Netanyahu and Obama shake hands at start of Oval Office meeting, March 3, 2013.
JERUSALEM -- An immediate and unconditional ceasefire ending Israel's assault on Hamas is a "clear strategic imperative" to Israel, US President Barack Obama told Prime Minister Binyamin Netanyahu in a phone call on Sunday.
While the conversation focused on the immediate concerns of the United States, the president also discussed the broader implications of Israel's operation in Gaza, Protective Edge, now over two weeks old and burdened with a mounting death toll, both within the Israel Defense Forces and the civilian population of Gaza.
Obama told Netanyahu he wants a ceasefire "that both allows Palestinians in Gaza to lead normal lives and addresses Gaza’s long-term development and economic needs, while strengthening the Palestinian Authority," the White House said, in a readout of the call to reporters.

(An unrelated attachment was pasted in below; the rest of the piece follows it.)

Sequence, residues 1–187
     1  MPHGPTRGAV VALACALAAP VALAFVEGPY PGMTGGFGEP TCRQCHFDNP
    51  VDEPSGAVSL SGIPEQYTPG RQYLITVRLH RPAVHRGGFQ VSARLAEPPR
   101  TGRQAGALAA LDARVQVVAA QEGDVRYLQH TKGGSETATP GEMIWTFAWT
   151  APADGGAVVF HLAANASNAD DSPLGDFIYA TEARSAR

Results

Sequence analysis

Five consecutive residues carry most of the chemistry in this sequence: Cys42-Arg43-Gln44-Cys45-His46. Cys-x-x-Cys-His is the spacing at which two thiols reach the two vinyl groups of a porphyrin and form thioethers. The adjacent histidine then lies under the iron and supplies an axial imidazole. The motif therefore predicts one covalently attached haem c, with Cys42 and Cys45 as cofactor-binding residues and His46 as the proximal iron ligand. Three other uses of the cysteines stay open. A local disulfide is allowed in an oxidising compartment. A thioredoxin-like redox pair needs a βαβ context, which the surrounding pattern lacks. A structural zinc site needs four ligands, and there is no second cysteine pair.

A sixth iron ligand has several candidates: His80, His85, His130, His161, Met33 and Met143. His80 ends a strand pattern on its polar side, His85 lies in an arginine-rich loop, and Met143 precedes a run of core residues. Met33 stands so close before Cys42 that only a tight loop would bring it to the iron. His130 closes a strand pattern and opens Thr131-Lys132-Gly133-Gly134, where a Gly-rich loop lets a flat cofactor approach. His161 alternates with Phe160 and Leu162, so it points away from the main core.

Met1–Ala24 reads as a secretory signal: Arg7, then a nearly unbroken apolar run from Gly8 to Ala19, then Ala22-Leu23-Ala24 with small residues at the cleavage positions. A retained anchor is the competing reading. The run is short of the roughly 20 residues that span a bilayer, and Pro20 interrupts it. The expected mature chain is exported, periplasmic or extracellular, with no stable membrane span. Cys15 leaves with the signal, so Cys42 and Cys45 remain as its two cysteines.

For a permanent ceasefire to be agreed upon, Hamas is requiring an end to Israel's blockade of Gaza, formed to prevent Hamas from obtaining weapons to attack the Jewish state. Minister of Justice Tzipi Livni has told US Secretary of State John Kerry that Israel categorically rejects this condition, and indeed, Netanyahu's cabinet has unanimously voted against the measure as part of an end to the current crisis.
Obama reiterated his belief that Israel has a right to defend itself, and condemned Hamas's construction of tunnels and continuation of rocket fire into civilian areas.
"Ultimately, any lasting solution to the Israeli-Palestinian conflict must ensure the disarmament of terrorist groups and the demilitarization of Gaza," Obama expressed.
In a recent poll, over 85 percent of Israelis support the Israeli government continuing the military operation until Hamas' tunnels into Israel are completely destroyed.
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